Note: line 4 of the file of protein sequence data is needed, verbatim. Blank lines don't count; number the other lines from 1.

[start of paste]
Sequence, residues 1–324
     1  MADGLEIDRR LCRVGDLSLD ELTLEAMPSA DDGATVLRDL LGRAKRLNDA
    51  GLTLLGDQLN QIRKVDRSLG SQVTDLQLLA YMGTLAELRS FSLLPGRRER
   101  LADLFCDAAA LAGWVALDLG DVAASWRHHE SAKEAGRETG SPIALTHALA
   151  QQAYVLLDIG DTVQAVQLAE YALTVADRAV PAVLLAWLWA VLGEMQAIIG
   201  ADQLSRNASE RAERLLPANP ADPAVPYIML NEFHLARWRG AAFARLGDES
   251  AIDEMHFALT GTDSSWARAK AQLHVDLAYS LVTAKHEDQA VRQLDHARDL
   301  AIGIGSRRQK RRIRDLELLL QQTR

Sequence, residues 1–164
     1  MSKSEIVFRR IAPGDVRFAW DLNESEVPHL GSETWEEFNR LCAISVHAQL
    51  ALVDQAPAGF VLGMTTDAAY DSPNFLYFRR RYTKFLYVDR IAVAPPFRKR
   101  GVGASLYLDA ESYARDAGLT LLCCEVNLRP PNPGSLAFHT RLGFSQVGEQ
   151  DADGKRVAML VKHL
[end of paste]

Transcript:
   101  LADLFCDAAA LAGWVALDLG DVAASWRHHE SAKEAGRETG SPIALTHALA